I came here in the early days of the blog's operation to find allies and organize a community response to the many needs of our schools and students and did (God bless you Cere & Co!). Now I come here to make sure no one is slandering my good name or that of the families of Cross Keys, Seqouyah, Woodward, Montclair, Dresden, Cary Reynolds, and Oakcliff ...

Tamam! Enough! Bastante!

Kim Gokce said...

To cleanse your ears of my rant and to try and to compensate for my cynicism, I offer the hope of one more amazing young person from Cross Keys:

Boys & Girls Clubs of Metro Atlanta Reveals the Next Face of the Future

God, help us hang in there long enough for the Laura Ramirezes of the world to take over.

JT Carlton said...

The numbers are solid and the effects and results are very real on every campus in DeKalb. Well done, Cere. We teachers are anxiously awaiting to see what happens next. If Dr. A does what needs to be done, she will have teacher support for sure!
-JC, Teacher at a DeKalb High School

Anonymous said...

Kim, you are amazing! Thank you for your rant...... If this school system (& the CK admin) only recognized your value. I DO know that the CK teachers & students see you as their "bright light" of hope! Hang in there.

Anon said...

I thought some of these policies are already on the books -- especially about board members dropping into schools with no reason. I say this because we have a friend, a former neighbor who will still see occasionally, who is a retired DCSS principal.

He was horrified when Paul Womack was elected again. Womack served on the Board about 20 years ago. Womack was notorious for walking into schools and yelling at staff in front of whoever.

At that time, they did adopt policies/rules about board member behavior. I actually have no idea if they are on the books.

Anonymous said...

Kim Gokce: Many, many people support you and the great work you've done. Please don't let a few crackpots get ya down!

The citizens of DeKalb County who haven't paid attention like Kim and Cere are the reason the school system is miserable. We have elected too many unethical, cronyism-living, incompetent Board of Ed members, who have enabled a Central Office culture of fraud, politics, greed, waste and a lack of respect for the classroom. It's on us, not on the few like Kim in the county.

Anonymous said...

unfortunately, you get involved with your kids' school -- you think things are fixable, 'cause things are fixable; then you delve into it 'cause you care. If you're paying real attention and you really care, then you start to learn. And once you learn, you see that it's not just "fixable" it's Chicago in the 1930s and it's going to take more than you and me -- we really need law enforcement willing to take down king pins who are completely unconnected with the bosses and a new BOE (with a few notable exceptions who don't operate like they are in Chicago in 1930) and we need to clean house. Otherwise, we just need to self destruct and start over again -- mini districts and/or vouchers - push the dollars into the hands of parents and prevent the corruption all together -- if you have mass corruption, you've got to spread the money out.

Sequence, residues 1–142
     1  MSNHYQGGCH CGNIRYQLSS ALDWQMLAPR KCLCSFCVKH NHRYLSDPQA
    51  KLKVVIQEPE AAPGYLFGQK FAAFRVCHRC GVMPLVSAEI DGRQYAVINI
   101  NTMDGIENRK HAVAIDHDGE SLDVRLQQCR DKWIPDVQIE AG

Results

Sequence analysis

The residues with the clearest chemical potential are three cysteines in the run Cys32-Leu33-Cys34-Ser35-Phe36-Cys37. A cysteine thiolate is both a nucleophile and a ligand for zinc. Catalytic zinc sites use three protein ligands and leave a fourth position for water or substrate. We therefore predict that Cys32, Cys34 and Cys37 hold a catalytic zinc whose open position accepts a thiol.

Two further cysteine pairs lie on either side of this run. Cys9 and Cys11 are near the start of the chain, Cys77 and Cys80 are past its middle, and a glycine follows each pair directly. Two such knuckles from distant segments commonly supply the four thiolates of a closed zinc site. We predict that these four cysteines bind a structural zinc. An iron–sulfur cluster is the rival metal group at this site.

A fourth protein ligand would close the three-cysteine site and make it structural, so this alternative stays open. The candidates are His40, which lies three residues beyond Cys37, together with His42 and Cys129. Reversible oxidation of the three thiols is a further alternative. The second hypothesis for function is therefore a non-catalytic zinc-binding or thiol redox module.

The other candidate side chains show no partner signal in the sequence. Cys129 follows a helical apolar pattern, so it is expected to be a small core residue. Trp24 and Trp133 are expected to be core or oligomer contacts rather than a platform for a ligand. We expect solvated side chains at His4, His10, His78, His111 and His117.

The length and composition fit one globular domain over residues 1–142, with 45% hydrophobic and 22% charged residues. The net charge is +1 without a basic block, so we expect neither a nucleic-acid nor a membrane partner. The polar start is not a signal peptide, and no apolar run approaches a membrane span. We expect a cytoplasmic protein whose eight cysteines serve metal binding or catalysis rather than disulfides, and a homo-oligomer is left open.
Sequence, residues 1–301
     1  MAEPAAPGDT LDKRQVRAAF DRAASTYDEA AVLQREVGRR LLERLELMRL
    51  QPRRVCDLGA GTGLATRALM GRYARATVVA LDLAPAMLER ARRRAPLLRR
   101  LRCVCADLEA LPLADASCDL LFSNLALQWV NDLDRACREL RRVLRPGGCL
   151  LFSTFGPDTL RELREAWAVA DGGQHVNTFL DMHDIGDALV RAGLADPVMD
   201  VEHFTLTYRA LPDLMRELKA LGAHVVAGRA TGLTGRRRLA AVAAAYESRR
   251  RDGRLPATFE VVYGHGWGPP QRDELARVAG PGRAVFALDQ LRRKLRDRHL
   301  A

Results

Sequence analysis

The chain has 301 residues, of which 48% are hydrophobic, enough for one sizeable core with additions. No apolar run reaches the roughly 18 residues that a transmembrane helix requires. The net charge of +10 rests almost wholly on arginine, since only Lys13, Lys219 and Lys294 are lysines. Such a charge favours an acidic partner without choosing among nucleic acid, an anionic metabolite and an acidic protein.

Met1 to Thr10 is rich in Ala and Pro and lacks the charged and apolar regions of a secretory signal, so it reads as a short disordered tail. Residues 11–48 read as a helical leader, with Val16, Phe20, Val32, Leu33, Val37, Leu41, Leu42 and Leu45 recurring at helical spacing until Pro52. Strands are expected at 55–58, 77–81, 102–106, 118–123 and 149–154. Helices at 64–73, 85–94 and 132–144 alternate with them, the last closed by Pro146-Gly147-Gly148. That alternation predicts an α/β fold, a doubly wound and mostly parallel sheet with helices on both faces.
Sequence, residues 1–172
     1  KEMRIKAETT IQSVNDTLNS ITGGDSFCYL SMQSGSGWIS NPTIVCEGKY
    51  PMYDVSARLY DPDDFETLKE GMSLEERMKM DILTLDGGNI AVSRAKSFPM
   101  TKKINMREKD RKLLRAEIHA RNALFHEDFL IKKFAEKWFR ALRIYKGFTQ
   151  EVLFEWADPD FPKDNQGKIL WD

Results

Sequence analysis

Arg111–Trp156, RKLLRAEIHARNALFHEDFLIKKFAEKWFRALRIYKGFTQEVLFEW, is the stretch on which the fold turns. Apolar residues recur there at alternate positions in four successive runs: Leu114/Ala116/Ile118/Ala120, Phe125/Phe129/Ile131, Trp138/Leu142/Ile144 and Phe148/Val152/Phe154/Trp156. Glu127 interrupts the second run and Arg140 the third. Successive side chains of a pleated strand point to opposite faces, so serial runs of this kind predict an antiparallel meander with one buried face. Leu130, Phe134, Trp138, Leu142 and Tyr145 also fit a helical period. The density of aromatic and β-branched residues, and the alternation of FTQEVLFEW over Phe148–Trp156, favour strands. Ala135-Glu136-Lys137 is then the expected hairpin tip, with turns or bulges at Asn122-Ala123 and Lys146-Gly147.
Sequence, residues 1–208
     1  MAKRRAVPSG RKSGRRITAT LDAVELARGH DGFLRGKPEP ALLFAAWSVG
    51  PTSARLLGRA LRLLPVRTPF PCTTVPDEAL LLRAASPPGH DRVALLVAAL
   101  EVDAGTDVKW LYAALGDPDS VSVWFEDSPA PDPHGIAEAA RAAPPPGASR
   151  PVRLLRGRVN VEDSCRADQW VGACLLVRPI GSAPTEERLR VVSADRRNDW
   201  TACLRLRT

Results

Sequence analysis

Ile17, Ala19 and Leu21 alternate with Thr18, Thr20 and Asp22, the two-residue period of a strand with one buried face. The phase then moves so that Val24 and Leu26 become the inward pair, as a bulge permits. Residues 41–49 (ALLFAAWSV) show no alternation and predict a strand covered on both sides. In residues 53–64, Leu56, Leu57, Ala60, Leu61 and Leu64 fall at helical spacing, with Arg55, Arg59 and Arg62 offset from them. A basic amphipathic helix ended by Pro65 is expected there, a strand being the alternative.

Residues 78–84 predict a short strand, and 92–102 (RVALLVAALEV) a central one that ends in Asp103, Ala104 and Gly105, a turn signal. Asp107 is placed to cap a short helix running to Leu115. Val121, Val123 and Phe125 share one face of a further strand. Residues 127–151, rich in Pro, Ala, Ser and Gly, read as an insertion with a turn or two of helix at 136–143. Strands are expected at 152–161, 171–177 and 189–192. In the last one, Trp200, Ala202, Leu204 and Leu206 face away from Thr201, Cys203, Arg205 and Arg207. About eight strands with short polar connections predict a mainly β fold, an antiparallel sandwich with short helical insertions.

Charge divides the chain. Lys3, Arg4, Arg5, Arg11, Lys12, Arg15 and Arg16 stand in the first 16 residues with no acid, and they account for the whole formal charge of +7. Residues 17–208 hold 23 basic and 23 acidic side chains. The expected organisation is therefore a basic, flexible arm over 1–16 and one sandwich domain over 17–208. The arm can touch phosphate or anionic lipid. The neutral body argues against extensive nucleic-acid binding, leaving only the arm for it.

Anonymous said...

Anon 9:54 You are correct!!! Not sure that Atkinson can clean things up, no matter how much she wants to. Those who've had control of the district for some time, care nothing about the kids and only about the money they can get for themselves and friends and family.

Anonymous said...

Right -- 10:08 -- so, I've become sold on vouchers -- push the money into the hands of the parents -- you'd still have the potential for corruption but it would take the cooperation of many more people to put all of their vouchers together (either intentionally or by defaul) for it to happen -- I think it would be much more difficult. At least the competition would make it a lot harder. And if it's not working 10 or 15 years from now, I'm hard pressed to imagine how it can be any worse -- those with public schools they like (e.g. Fernbank, Austin, OakGrove, Lakeside) can support their public schools much better than they are currently being supported by the BOE and can really support their foundations - but it if it's a bust -- I can't imagine that it would be any worse than our current situation -- you undo it and start over again.

Anonymous said...

So I see the trolls have found the DCSW blog, too...attacking Lynn and Kim? Really?

Hang in there, Kim. Keep fighting the good fight. Your supporters far outweigh your detractors.

Now, can everyone keep on topic, please???

Marney Mayo said...

@ Kim

I love this from your "rant". It has been my life as well for the last 10 years:

"My policy is simple vis-a-vis DCSS employees: I will maintain a professional and working relationship with the damned chief arch-angel in Hell to support our kids."

Please hang in there.

Dekalbparent said...

Kim -

Please don't get discouraged - the work you are doing is fantastic, and it has drawn in many others to contribute in a real and positive way. I got the update about the robotics teams - what a bunch of winners!

This blog was at one point a place where those of us with ideas could get together and plan for action. We have, in turns, become discouraged and frustrated because our honest attempts to improve the system have been thwarted. The blog has also got a wider audience, and thus attracts a lot of different types of contributors - some are venting and some are flaming just for the fun of it.But we are seeing some of our issues brought to the public via AJC and Ga Unfiltered (I know it was DSW that first brought up the CRCT cheating issue three or four years ago).